The disaster gave us “The Unsinkable Molly Brown,” a wealthy, colorful Coloradan who took command of her lifeboat when she found the crew wanting.

Below decks, men worked to give the ship as much time as possible, perhaps extending the ship’s life by two hours, giving time for all the lifeboats to get away, and keeping the lights on until the very end, suspecting they were doomed, not unlike the “Nuclear Samurai” working in the Fukushima Nuclear Power Facility, laboring on to prevent a larger disaster, while knowing they are likely dooming themselves in the process.

Aboard Titanic was John Jacob Astor, the richest man in the world. All his wealth couldn’t save him; his body was recovered, appearing that one of the ship’s four smoke stakes had fallen on him. Mrs. Astor gave birth to a son, John Jacob V, who went on to marry a woman named Brooke, who gave away millions and millions to New York and whose son now faces jail time for having swindled his mother.

Legend has it that Titanic was the first ship to send out the distress call, SOS. One radio operator survived, the other did not.

The event presaged the end of an age. It shook the world to its core. That glittering world in which the rich were the celebrities of the time, where titles mattered dearly, and technology could overcome ended absolutely when the First World War tore it all apart.

It was a sobering moment. The Coast Guard began monitoring icebergs; ships were never again allowed to sail without sufficient lifeboats, rules changed. J. Bruce Ismay, head of Titanic’s owner, White Star Line, survived the night though his reputation did not and he lived his life out in scorned exile.

There are no longer living survivors of the night, the last, a baby then, passed away in 2009. Yet the sinking of Titanic lives on, a real event that became legend, large in life, larger in legend – a powerful allegory of pride that goes before the fall.

April 11, 2011

Letter From New York
April 11, 2011
Or, as it seems to me…

There hasn’t been a missive in a couple of weeks; it’s not for lack of effort – there have been several drafts.

But I was never happy with what I have seen on the page. Coming back from SXSW, I felt the hope that was in the crowd at the Interactive portion – people could use technology to make the world better.

However, when I returned I was overwhelmed by events in the world. Libya. A third war for the U.S. Ongoing troubles across the Arab world, the price of oil soaring, budgetary crises in Washington, nuclear meltdown in Japan, a flurry of publicity and chitter chatter about the iPad 2.

I ask myself all the time: what is really important? The arrival of the iPad 2? Yes, it’s important. Apple and its devices are BIG news. But so is what is happening in Kabul and Baghdad. And all of that is pretty incredible and we have become, I’m afraid, immune to it – we have lived with this for too many years. We are at war in a lot of places: Afghanistan, Iraq, Libya and, as someone noted to me today, how about Mexico, which is on the edge of exploding? That’s the way it is in the world today.

I can’t ignore it. And I can’t do much about it. I write regular letters to my Representatives and hope they hear what I am saying. There is a huge dialogue in the country about bringing down the deficit but it seems focused on Amtrak and NPR and PBS and all kinds of social service programs that really represent a fraction of the budget while no one talks about the cost of the wars we are engaged in or how do we make Social Security really viable for the next 100 years. We’re not having the conversations we really need to have.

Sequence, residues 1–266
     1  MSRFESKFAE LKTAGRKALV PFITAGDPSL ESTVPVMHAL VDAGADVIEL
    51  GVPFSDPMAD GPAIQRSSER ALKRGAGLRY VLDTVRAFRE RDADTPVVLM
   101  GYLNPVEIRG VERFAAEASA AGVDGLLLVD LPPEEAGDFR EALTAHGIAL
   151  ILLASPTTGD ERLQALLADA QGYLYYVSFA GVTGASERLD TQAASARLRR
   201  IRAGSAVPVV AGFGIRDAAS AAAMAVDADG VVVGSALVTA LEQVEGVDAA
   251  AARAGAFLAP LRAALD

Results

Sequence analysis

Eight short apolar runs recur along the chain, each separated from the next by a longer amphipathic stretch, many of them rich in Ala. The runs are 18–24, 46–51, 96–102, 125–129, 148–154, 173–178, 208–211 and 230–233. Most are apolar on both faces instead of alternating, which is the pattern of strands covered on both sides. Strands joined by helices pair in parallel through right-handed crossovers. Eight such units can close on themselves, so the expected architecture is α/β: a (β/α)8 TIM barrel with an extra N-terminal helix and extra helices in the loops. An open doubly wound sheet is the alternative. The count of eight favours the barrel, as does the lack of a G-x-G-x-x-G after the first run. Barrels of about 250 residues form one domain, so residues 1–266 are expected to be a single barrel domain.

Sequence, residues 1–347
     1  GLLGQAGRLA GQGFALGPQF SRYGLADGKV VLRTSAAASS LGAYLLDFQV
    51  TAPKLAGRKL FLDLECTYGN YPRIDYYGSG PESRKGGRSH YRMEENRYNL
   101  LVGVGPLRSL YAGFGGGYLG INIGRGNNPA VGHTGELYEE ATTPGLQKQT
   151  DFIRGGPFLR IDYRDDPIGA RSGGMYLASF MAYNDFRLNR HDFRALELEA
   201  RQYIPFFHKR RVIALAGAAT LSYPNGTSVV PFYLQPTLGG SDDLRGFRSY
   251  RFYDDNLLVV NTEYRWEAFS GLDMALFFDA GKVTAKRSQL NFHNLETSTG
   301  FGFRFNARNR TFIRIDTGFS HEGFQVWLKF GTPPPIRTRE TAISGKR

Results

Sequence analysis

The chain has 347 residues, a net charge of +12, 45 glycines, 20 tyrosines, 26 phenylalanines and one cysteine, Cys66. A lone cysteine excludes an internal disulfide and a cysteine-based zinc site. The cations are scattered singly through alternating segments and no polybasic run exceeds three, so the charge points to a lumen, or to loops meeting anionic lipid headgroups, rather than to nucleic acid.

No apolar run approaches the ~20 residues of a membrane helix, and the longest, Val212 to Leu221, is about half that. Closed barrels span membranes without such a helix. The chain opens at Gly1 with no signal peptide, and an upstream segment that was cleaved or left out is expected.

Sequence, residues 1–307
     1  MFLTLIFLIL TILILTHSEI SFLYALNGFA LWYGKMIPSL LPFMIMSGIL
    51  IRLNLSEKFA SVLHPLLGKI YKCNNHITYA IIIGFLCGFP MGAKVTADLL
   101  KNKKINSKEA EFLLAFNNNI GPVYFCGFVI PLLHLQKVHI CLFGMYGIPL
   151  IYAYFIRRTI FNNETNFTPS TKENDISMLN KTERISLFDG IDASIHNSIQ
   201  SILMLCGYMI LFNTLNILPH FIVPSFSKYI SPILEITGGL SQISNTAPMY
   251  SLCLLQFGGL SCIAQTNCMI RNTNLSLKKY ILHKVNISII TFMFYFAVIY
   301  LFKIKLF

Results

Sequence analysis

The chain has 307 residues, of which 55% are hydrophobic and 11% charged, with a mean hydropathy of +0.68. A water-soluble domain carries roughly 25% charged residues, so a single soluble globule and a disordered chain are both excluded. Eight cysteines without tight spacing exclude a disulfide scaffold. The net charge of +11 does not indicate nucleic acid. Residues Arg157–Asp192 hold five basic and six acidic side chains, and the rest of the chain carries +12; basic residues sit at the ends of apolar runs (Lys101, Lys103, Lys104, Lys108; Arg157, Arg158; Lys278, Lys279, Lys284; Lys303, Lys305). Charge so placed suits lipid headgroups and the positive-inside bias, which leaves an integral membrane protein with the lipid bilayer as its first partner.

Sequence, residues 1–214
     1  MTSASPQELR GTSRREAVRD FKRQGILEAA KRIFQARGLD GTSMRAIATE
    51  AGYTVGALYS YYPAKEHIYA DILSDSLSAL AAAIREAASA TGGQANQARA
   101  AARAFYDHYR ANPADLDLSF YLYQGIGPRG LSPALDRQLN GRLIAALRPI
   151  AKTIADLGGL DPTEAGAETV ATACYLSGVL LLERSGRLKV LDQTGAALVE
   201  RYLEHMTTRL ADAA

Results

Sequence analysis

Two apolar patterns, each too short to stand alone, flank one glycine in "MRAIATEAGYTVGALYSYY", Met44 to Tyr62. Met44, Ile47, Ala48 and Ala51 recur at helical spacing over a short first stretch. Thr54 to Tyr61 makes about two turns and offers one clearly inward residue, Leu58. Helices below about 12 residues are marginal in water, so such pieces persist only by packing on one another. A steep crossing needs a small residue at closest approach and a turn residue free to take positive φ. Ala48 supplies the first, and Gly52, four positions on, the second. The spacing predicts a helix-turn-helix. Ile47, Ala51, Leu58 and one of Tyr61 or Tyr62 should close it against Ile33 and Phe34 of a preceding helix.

I’m angry with everyone right now. I think the Republicans are demagogues and the Democrats aren’t offering real alternatives. And I don’t like waking up in the morning to NPR because the news seems all bad but I don’t change the channel because I feel I need to know what is really going on. And while I am depending on NPR to give the ugly news of what is going on I am also faced with a Congress that wants to defund NPR so that I won’t wake up in the morning knowing how bad things are. Because then we can live in the America that they think we’re living in which is not the America we’re living in.

We are, as a country, way down on the lists of good things. We’re not at the top of lists of almost anything. And that really worries me. It doesn’t seem to worry many people how far down the list we are in terms of medical care. Doesn’t it worry anyone else that Costa Rica is better than we are in medical care overall? It does me. Now granted, that’s overall and not necessarily a specific situation. In a specific trauma situation we may well be the best but we’re not overall.

We’re 17th in math and science these days. And should I really worry about this? Yes, because this is my home. Once in the long ago and far away, I thought about emigrating to Canada or Australia but didn’t because America is my home, my homeland.

The United States is so many different things to so many different people, all inhabiting the boundaries, physically and psychologically of this unique, strange, wonderful, magnificent, convoluted thing called “America.” It is the dichotomies, rabid politics of some, the yearnings and tensions, the palpable ache for something better that makes this country what it is and today it is am much a riot as it ever has been if not more so.

My angst doesn’t change that the sun is shining in while I am working on this, with a nice Italian white wine while waiting for an old friend, which is also much of what life is about, so we can sit at lunch and talk about all of these strange things.